“I remember he was very funny and he didn’t look like he was going to be, he had long hair, an earring and distressed jeans. He looked like a serious, troubled student – and in some ways that’s what he was – but he would pick up a script and be very funny”.

Later that year, both were in the show with Webb playing Cinderella and Mitchell a Palace Servant. Afterwards, Webb asked Mitchell if he would do a show with him. “I thought I had made it. We did a show the year after, which we completely failed to rehearse, and the first night was an absolute shambles but the audience enjoyed it- a terribly bad lesson!”

I ask Mitchell what the name of the play was: “Oh it was called ‘Innocent millions dead or dying, a wry look at the post apocalyptic age (with songs)’ mainly because we just thought it would be funny to call it that”.

The play would be the start of a long partnership between the two comedians, including That Mitchell and Webb Look and Magicians. Most recently, the duo starred in Channel 4’s Back, with Webb playing Mitchell’s adopted brother.

Discussing who he looked up to in comedy, Mitchell says the Pythons, Peter Cook and Rowan Atkinson to name a few, but emphasises that one of the things working in TV has made him realise was the “professionalism and organisation” of the “real meat of the industry” behind it all, the highly skilled technicians that bring it all together.

Referencing a Peep Show Christmas episode involving a Christmas dinner being shot from different angles (and an inordinate amount of turkeys used), he recounts that it was “amazing” to see the logistics behind it all.

It does make him watch other TV shows differently. “It suspends the wire of disbelief…that’s a mixed metaphor” he laughs, “snaps the wire of disbelief”. Being involved in television means that you “soon notice if a corner has been cut” with lighting or continuity errors. That’s precisely why, Mitchell says, that it is vital to keep making British TV shows or the technicians won’t be there.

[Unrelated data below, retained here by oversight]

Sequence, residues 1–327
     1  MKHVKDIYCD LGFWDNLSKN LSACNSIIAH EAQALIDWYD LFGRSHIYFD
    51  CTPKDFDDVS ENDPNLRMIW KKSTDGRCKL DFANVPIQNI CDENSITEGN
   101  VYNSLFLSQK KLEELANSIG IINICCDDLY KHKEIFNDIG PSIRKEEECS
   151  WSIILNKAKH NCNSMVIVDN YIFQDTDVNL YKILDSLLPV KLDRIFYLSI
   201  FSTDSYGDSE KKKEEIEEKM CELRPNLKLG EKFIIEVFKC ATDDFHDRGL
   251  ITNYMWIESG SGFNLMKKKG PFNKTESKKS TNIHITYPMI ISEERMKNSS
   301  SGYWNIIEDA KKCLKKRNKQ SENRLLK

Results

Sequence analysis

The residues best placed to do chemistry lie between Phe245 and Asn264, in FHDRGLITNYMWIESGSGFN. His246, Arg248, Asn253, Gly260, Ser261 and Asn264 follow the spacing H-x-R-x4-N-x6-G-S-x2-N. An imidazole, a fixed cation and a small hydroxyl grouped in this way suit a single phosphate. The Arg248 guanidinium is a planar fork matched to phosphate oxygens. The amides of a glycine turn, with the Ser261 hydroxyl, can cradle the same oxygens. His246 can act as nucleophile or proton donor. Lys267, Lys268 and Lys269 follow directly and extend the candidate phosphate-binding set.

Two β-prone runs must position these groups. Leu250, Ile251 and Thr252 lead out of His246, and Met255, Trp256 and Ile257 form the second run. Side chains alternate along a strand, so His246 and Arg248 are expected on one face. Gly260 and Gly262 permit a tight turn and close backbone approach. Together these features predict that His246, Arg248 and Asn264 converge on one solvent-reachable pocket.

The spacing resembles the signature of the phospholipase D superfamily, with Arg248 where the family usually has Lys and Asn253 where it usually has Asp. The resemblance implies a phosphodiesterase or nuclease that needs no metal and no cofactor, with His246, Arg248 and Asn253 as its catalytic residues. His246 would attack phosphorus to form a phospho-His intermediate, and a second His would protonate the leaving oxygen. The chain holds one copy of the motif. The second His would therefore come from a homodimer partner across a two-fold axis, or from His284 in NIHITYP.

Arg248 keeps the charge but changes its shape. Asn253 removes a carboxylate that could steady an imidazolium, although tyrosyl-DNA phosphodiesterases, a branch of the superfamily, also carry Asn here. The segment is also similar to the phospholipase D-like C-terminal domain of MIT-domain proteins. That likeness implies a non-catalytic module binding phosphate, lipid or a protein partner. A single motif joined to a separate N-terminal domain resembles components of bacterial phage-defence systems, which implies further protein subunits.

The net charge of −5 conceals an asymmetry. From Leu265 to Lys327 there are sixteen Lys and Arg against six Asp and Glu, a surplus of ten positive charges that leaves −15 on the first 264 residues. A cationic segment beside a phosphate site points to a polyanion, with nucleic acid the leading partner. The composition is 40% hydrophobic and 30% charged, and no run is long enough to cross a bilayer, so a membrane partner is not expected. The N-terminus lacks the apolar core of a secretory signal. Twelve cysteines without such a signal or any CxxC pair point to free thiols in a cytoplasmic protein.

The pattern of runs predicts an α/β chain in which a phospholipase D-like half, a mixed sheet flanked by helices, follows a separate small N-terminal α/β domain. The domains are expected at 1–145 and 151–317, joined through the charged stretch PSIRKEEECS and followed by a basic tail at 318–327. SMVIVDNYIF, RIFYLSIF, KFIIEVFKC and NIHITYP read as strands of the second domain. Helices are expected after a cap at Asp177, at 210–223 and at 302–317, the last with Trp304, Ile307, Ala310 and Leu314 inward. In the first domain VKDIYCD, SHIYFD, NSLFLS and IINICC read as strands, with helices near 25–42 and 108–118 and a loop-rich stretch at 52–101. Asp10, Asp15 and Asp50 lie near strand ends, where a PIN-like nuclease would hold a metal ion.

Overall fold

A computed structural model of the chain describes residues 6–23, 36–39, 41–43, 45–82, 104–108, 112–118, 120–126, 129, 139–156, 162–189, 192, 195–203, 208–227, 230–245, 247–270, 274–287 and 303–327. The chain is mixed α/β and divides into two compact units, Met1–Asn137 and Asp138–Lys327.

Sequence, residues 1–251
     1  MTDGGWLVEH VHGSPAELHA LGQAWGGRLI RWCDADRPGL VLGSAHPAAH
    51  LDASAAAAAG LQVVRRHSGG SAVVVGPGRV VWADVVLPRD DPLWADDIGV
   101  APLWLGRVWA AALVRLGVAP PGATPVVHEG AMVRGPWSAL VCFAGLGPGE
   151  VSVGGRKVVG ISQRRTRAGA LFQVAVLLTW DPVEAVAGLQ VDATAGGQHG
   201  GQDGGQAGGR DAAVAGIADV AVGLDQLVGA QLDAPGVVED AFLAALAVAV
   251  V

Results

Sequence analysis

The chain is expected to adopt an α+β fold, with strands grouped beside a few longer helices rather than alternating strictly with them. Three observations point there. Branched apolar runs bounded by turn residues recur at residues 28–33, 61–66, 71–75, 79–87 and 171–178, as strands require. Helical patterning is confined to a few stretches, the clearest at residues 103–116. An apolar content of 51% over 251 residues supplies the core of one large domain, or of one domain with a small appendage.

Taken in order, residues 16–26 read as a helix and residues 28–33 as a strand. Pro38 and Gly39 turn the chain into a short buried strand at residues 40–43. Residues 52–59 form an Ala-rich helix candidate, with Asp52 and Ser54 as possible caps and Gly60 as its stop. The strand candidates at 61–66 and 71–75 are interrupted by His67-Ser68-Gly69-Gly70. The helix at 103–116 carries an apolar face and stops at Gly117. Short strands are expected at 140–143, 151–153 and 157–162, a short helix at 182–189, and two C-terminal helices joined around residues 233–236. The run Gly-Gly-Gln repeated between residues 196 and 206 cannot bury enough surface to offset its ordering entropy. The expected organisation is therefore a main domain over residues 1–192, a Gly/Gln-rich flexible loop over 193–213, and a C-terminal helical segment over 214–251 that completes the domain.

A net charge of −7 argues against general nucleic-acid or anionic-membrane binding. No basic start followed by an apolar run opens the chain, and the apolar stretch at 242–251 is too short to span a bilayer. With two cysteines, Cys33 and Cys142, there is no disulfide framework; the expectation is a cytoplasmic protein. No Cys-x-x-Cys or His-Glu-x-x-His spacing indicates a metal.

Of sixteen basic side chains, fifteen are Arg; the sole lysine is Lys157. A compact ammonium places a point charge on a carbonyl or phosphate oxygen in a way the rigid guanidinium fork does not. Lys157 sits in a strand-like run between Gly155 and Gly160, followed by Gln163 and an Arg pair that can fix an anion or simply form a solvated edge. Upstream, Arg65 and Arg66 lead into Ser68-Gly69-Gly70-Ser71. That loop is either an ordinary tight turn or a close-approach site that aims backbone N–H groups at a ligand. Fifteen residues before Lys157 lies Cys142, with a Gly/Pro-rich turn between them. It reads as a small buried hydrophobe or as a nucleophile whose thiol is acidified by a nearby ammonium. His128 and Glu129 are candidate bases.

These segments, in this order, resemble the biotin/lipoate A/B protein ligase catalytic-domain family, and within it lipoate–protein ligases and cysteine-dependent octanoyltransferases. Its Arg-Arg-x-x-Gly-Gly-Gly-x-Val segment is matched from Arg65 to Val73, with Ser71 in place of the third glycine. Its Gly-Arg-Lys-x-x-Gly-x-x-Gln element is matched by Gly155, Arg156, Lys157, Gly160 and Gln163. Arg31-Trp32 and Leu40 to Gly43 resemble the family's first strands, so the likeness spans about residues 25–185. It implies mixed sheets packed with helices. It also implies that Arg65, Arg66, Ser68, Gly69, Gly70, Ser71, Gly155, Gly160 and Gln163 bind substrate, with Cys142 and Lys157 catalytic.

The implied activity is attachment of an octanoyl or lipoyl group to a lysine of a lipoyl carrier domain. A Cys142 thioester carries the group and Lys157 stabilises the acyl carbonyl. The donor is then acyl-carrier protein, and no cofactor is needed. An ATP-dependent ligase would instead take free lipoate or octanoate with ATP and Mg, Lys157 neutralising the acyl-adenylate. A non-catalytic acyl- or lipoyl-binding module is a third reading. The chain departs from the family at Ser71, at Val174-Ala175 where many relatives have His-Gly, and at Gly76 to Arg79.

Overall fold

Coming to the end of the interview, I had to know: “How much do you personally relate to Mark Corrigan?”

“I personally relate to him quite a lot” Mitchell says, but only in part.

“There’s an element to Mark that is “fundamentally a bit nasty, and I hope I’m not.”

While they share a “sarcastic look at the world” and a frustration with cool “probably because I’ve never been cool”, they are different.

There’s a “deep selfish core to Mark that is the sort of thing that a sitcom character sort of needs”.

Clearly, a large part of Mitchell’s life is his family, who he talks of warmly, explaining that while being cynical is his “knee jerk reaction”, his wife (writer, presenter and professional poker player Victoria Coren Mitchell) has taught him “that not everything that ostensibly seems nice isn’t nice. You don’t necessarily have to take a sneery angle, you can just say ‘that’s nice'”.

Concluding my original question, it seems obvious (and unsurprising) that while David Mitchell and Mark Corrigan are inextricably linked, they are fundamentally different in nature. As well as Mitchell’s affability and comic timing, what stands out most is his ability to sharply draw attention to the absurdities of day-to-day life with the same dry wit and cynicism with which he made his name.